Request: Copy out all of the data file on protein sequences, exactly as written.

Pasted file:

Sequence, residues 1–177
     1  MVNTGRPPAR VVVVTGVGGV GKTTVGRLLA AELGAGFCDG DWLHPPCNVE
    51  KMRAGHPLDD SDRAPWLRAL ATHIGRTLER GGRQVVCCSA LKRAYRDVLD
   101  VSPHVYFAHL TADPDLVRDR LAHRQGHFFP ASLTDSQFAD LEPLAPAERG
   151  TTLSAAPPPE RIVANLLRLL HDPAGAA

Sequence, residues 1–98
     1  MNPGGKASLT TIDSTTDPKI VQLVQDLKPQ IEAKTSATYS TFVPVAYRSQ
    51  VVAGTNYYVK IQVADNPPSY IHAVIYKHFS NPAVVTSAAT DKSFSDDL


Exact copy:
Sequence, residues 1–177
     1  MVNTGRPPAR VVVVTGVGGV GKTTVGRLLA AELGAGFCDG DWLHPPCNVE
    51  KMRAGHPLDD SDRAPWLRAL ATHIGRTLER GGRQVVCCSA LKRAYRDVLD
   101  VSPHVYFAHL TADPDLVRDR LAHRQGHFFP ASLTDSQFAD LEPLAPAERG
   151  TTLSAAPPPE RIVANLLRLL HDPAGAA

Sequence, residues 1–98
     1  MNPGGKASLT TIDSTTDPKI VQLVQDLKPQ IEAKTSATYS TFVPVAYRSQ
    51  VVAGTNYYVK IQVADNPPSY IHAVIYKHFS NPAVVTSAAT DKSFSDDL